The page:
- Use presentation mode to clear the clutter and use a note as a presentation.
- Share the note via email, URL* or social media as well as printing or exporting.
- Access note information (such as tags, the folder it lives in, when and even where it was created – so you can find all the notes you took in San Francisco because they are geo-tagged).
*Sharing a note by email or message provides a stagnant version of the note as it appeared at the time you sent it, but you can share notes with other Evernote users or provide a URL to non-users or presentation attendees and they will always have a “live” version of the note in its most current format. So, you can always make changes and the recipient will have the most up-to-date version, which is excellent for shared documents.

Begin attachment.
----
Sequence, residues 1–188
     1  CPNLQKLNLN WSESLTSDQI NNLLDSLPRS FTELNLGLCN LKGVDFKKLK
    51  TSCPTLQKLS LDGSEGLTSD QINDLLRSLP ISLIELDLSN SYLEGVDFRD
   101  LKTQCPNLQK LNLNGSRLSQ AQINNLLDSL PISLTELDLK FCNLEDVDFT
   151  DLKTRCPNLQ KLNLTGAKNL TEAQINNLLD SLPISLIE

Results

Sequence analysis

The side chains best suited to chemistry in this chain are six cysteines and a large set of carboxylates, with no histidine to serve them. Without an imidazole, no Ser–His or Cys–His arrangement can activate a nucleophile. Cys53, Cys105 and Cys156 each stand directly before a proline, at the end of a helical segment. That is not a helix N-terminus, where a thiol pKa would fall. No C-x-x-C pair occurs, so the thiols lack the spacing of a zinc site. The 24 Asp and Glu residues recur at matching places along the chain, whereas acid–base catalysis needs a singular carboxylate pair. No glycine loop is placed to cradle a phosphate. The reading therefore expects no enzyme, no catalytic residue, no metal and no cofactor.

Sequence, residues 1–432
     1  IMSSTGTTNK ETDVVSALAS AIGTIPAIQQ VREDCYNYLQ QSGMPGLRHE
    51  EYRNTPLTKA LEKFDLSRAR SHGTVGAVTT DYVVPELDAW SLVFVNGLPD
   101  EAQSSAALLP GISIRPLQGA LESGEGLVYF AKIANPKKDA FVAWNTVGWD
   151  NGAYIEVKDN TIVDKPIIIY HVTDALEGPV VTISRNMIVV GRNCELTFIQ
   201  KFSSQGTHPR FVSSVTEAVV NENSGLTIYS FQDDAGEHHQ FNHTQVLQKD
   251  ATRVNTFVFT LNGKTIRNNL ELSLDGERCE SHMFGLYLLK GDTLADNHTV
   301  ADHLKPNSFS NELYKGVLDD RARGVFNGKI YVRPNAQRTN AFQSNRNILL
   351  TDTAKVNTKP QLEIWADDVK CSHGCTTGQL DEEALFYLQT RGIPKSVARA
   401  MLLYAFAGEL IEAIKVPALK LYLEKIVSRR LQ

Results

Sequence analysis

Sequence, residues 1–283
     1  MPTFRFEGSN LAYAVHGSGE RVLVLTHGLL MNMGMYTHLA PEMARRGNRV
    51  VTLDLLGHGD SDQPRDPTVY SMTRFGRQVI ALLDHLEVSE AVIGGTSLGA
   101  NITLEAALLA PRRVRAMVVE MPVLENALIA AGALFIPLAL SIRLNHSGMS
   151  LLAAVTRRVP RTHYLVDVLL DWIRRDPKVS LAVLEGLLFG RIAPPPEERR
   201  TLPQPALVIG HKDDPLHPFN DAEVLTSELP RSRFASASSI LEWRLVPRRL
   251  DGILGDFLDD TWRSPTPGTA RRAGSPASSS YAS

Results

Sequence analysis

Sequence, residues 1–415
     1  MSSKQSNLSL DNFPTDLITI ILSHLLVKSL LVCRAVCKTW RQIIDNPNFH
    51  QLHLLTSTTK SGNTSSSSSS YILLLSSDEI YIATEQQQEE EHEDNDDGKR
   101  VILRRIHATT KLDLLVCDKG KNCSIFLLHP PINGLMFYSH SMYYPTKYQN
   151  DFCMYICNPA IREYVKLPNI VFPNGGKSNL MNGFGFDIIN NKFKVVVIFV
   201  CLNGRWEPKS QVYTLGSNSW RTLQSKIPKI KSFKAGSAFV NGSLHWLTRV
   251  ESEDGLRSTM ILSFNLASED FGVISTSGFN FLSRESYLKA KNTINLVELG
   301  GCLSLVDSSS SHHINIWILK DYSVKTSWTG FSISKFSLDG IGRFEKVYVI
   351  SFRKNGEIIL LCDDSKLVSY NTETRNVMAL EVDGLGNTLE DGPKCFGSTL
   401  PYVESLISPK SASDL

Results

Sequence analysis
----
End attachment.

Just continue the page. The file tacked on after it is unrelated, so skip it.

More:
Examples of Notes
The incredible thing about notes in Evernote is that they are not, in fact, always just notes. This is where things get cool, because you can create all sorts of different notes. Here are a few examples, just to get your wheels turning:
Books to read, articles from a magazine vs. tearing out pages, what you had for lunch, photos from a trip, store displays.
Capture data, benchmark a social media account’s activity on a particular date, save a webpage and mark it up or make requests for edits.
Open up Evernote on your phone or tablet to jot notes during a meeting or create a template for regular meetings. Prefer a notebook? Go ahead – then scan or take a photo of your notes to store in Evernote for future access.
Icons, project logos, your signature, a copy of your driver’s license or medical insurance cards, your kids’ artwork, greeting cards and letters you want to save.
- Pro tip: Don’t get too notebook happy – it’s a common mistake when you first start using Evernote, and then you can feel overwhelmed. Think in terms of fewer notebooks, more tags. So, for example – instead of having multiple notebooks I have one called “Art” and items in it might be tagged by the name of the artiste.